Hello, Beloved Dancers.
This week I read a Facebook post that really resonated with me. To give some small credit where credit is due, I should mention that I discovered this post on the page of my friend and fellow dancer, Eliezer Sobel. Bless the dancers everywhere for their big open hearts, creativity, generosity, and kindness. I generally love the things dancers post. . . .. especially this one. What you are about to read is a quote by Alan Watts. “When a cat falls out of a tree, it lets go of itself. The cat becomes completely relaxed, and lands lightly on the ground. But if a cat were about to fall out of a tree and suddenly make up its mind that it didn’t want to fall, it would become tense and rigid, and would be just a bag of broken bones upon landing.
“In the same way, it is the philosophy of the Dao that we are all fall off a tree, at every moment of our lives. As a matter of f act, the moment we were born we were kicked off a precipice and we are falling, and there is nothing that can stop it.
“So instead of living in a state of chronic tension, and clinging to all sorts of things that are actually falling with us because the whole world is impermanent, be like a cat.”
Be like a cat! Such a simple and yet profound invitation. I find that I so often resist what’s happening on a day to day basis and my resistance is a patterned behavior. I sometimes even find myself subtly resisting things I want to do. When I’m able to change my mindset from, “I have to X” to “I get to do X”, everything changes. I feel the change in my core. There comes with this change of mindset an ease of being. Dance teaches us how to move in the world without rigidity, but instead with a sense of flow and acceptance.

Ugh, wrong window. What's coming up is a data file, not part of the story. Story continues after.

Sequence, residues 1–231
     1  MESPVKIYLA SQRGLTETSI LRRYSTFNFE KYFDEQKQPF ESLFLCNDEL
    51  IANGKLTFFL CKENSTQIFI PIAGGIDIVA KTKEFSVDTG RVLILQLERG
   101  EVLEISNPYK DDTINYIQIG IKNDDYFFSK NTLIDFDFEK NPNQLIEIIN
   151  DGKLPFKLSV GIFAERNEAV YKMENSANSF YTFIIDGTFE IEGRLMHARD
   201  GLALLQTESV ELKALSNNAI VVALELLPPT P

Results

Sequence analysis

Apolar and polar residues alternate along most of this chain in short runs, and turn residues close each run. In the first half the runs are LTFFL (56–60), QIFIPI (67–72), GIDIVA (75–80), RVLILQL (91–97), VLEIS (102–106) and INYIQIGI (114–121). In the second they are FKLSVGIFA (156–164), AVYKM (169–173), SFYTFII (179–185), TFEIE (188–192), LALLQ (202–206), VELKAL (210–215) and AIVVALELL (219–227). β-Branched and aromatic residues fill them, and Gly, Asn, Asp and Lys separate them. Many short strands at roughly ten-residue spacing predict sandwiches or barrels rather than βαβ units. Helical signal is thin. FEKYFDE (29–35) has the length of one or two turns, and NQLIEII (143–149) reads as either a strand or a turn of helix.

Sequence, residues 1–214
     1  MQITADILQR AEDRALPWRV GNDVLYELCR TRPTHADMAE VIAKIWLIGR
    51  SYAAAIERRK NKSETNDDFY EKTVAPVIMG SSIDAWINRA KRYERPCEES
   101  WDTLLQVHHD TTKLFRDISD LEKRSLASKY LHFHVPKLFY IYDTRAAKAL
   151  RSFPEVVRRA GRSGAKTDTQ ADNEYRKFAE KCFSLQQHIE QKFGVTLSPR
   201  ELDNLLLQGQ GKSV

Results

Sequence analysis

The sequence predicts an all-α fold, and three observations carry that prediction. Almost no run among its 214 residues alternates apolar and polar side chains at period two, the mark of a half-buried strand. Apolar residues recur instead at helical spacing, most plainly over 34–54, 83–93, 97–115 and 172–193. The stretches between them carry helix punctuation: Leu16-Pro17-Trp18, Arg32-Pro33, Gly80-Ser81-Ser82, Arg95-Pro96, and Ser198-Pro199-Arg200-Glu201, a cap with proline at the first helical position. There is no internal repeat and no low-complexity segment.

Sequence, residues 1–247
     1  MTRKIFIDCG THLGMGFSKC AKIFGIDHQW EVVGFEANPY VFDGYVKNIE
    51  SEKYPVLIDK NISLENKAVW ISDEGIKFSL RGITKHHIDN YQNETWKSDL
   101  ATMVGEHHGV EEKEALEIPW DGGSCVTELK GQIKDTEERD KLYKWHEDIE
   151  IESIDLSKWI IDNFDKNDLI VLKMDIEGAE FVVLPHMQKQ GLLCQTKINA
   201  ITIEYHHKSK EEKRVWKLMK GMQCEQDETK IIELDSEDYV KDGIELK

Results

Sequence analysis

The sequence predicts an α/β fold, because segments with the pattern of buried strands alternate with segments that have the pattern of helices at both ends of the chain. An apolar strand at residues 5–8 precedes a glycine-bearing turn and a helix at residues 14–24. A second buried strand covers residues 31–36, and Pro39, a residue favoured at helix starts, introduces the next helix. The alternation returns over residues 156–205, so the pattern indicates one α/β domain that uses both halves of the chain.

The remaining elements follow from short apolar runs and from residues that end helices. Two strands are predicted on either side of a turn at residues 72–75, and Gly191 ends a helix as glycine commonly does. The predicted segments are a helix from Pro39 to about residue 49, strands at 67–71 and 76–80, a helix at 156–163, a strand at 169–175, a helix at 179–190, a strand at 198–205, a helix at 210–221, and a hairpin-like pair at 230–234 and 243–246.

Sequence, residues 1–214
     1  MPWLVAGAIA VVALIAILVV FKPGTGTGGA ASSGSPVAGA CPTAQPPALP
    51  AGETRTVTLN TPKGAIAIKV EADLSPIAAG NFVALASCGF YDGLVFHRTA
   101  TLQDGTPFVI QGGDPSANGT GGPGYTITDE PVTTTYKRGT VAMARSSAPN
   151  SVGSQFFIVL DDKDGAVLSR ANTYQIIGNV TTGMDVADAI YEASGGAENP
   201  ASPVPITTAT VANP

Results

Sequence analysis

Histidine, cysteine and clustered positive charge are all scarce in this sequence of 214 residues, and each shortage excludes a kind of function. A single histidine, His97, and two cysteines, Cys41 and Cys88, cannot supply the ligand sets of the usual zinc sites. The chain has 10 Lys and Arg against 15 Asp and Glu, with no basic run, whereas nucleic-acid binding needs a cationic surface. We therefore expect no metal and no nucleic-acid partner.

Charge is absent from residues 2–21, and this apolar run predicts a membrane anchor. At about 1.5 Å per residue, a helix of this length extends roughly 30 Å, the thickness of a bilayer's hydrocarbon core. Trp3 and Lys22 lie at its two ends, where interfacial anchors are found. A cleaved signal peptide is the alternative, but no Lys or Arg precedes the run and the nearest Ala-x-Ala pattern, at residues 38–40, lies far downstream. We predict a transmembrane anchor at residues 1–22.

Join me on the dance floor tomorrow morning for we have a very special guest, Andrea Juhan will be holding the space, providing the music, and sharing her shimmering wisdom and loving kindness with us.
I know there’s rain in the forecast tomorrow, so let me know if you plan on dancing at Dunphy Park (I might come join you), but more than likely, I’ll be dancing in my living room and seeing you beautiful dancers on zoom.
Here’s the link: DISCOLOGY
Here’s the poem.
Yes by William Stafford
It could happen any time, tornado,
earthquake, Armageddon. It could happen.
Or sunshine, love, salvation.
It could you know. That’s why we wake
and look out—no guarantees
in this life.
But some bonuses, like morning,
like right now, like noon,
Sending love and the hope that we have a nice, gentle rain all day tomorrow.